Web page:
Telford and Wrekin Council has been revamping its approach to substance misuse in recent years.
It has worked with a variety of partners from schools and the police to social enterprises to develop initiatives focussed on preventing problems developing and helping to build recovery.
Telford and Wrekin Council published its drug and alcohol strategy in 2014.
It set out a new vision for services and support that was based on not just treating patients, but building recovery as well as preventing substance misuse by reducing demand, changing behaviour and restricting supply.
It said there was a “clear” need to transform services to tackle the problems locally. Evidence suggests there are 1,000 opiate users and 4,000 dependent drinkers.
But there are also worrying signs that there are many more at risk of developing serious problems.
It noted high rates of cannabis use among young people, while an estimated 24,000 people were classed as binge drinkers and 34,000 as higher or increasing risk drinkers.
With the help of partners and service users, the public health team has commissioned a series of initiatives based on prevention, early intervention, reducing supply and supporting recovery post-treatment. This includes:
- Local theatre groups being invited into secondary schools to organise substance misuse-themed plays.
- Roadshows known as Crucial Crew delivered to pupils in year six to prepare them for secondary school featuring warnings and advice about cannabis, drinking and legal highs.
- Public awareness campaigns, including information stalls, being run in the town centre.
- Brief interventions on alcohol becoming a core part of the work of the Healthy Lifestyle Hub, which provides advice to people on everything from stopping smoking to improving diet.
- Front-line staff, including GPs, social workers, Job Centre workers and housing officers, getting training on how to broach the subject, what advice to give and where to signpost and refer people to.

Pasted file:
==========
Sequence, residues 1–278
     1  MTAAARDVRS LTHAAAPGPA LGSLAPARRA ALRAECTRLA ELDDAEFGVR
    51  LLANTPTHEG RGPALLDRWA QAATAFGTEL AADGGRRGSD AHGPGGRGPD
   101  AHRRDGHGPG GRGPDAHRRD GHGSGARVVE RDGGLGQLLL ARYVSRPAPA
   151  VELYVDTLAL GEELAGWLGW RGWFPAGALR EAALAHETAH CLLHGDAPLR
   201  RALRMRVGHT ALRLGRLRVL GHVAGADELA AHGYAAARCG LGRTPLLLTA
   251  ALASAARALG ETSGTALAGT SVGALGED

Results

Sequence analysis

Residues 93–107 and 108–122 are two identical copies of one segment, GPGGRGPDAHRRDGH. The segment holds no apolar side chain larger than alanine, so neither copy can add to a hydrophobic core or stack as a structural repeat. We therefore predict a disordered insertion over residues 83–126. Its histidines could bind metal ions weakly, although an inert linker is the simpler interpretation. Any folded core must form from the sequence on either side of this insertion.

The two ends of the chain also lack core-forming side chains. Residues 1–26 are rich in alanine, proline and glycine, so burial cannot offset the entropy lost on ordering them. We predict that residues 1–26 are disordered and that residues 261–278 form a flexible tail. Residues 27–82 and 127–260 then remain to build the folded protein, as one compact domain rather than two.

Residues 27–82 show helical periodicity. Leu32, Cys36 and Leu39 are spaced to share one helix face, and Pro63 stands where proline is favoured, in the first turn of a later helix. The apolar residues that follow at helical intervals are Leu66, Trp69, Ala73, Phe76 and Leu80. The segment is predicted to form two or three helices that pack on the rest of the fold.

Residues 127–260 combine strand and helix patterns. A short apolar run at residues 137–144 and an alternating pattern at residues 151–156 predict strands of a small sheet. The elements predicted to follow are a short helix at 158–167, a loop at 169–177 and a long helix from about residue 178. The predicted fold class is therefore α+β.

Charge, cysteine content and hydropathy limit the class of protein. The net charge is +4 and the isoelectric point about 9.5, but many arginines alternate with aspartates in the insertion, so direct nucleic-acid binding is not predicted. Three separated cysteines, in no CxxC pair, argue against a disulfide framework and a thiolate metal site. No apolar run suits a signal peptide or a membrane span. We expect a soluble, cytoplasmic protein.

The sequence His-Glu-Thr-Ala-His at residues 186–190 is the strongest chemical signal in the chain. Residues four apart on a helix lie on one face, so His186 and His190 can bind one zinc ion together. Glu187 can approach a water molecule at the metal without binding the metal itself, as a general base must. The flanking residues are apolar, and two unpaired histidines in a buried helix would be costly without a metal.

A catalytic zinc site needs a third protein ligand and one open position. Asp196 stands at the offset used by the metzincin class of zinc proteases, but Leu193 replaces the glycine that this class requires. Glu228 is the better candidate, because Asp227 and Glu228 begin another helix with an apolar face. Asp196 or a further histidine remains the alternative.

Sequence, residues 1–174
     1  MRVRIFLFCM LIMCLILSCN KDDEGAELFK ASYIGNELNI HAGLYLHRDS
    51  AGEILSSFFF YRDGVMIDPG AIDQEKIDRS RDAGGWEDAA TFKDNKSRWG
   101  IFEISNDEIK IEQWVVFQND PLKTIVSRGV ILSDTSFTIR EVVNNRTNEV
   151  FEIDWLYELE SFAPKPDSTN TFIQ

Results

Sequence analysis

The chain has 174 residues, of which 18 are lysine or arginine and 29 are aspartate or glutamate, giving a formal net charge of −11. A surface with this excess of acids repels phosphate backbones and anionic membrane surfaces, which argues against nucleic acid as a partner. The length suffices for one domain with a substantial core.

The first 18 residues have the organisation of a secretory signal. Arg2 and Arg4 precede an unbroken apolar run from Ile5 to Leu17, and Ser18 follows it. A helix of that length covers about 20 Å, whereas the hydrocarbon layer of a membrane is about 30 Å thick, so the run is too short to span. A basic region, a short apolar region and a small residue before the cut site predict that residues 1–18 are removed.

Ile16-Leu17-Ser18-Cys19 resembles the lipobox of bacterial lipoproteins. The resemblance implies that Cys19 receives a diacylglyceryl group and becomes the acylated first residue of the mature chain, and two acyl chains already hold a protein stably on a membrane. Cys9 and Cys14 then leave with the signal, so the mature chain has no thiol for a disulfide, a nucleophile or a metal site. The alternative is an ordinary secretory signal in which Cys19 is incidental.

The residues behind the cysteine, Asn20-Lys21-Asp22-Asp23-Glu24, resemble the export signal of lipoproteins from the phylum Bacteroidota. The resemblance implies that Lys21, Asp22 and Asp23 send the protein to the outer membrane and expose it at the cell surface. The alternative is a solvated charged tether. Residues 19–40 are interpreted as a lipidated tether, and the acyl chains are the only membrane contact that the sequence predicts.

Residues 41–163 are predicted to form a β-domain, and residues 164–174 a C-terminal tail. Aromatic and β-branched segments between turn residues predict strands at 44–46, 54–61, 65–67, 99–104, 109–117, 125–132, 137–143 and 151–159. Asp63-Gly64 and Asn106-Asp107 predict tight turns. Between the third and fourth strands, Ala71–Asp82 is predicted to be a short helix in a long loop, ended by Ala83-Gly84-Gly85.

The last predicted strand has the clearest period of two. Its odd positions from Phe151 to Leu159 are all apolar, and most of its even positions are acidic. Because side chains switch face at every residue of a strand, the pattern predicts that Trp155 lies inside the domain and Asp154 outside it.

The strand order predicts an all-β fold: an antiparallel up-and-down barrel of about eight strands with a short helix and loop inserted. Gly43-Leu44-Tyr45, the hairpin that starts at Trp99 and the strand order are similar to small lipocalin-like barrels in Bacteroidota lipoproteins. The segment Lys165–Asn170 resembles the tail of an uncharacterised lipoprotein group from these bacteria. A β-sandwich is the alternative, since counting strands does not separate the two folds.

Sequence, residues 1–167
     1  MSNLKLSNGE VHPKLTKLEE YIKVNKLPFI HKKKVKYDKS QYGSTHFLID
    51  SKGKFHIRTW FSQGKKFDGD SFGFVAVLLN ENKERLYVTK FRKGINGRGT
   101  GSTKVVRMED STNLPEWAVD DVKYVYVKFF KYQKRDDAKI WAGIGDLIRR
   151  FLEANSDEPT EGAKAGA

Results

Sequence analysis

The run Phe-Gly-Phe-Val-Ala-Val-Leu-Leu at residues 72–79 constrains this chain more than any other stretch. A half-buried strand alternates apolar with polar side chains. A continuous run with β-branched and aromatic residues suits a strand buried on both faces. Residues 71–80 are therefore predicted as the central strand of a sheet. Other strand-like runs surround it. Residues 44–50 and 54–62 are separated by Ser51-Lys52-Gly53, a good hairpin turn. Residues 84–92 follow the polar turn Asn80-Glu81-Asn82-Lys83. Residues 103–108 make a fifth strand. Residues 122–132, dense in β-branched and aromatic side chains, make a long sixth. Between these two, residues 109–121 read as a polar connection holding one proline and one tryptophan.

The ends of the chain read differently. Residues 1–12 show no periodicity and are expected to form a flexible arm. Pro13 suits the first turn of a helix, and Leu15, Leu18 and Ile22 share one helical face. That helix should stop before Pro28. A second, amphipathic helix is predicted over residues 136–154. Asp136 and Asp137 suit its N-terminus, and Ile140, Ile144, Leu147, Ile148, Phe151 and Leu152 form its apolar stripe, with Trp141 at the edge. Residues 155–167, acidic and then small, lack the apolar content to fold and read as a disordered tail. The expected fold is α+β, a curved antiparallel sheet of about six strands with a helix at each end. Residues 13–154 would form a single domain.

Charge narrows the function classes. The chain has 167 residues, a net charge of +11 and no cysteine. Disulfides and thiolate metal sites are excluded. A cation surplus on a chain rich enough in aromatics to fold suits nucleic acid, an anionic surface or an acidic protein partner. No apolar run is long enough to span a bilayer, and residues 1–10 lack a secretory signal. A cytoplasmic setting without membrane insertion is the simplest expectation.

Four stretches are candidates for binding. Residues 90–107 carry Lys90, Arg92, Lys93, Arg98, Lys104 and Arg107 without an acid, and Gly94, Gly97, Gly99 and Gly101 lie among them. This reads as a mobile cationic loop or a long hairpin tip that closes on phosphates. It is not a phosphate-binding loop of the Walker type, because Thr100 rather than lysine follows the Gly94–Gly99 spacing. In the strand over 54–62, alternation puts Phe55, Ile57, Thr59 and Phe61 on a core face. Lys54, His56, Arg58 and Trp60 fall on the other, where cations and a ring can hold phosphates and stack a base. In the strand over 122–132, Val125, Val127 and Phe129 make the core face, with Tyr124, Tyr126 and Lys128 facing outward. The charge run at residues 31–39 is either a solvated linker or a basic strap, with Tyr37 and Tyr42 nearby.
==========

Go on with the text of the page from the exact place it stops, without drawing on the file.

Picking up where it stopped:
- Local hotels and licensed premises being engaged to adopt safer practices when it comes to selling drinks and preventing antisocial and aggressive behaviour.
- Peer-led recovery programmes being funded to provide help to people from others who have been through the same journey.
Telford and Wrekin Director of Public Health Liz Noakes said: “It is much better for both the individual personally and the council financially to try to prevent alcohol and drug problems and support people through their recovery by those who truly understand to make sure they don’t relapse, than it is to keep people treatment.”
The reach of the initiatives has been impressive across a range of settings.
In schools, more than 1,500 secondary school pupils saw the substance misuse productions, while a record 51 primary schools and over 2,000 students took part in Crucial Crew.
The Healthy Lifestyles Hub delivered 4,000 brief interventions last year. Training-wise, around 250 front-line staff have completed the basic drug and alcohol awareness training in the past two years and a similar number done more specialist motivational interviewing and cognitive behavioural therapy sessions.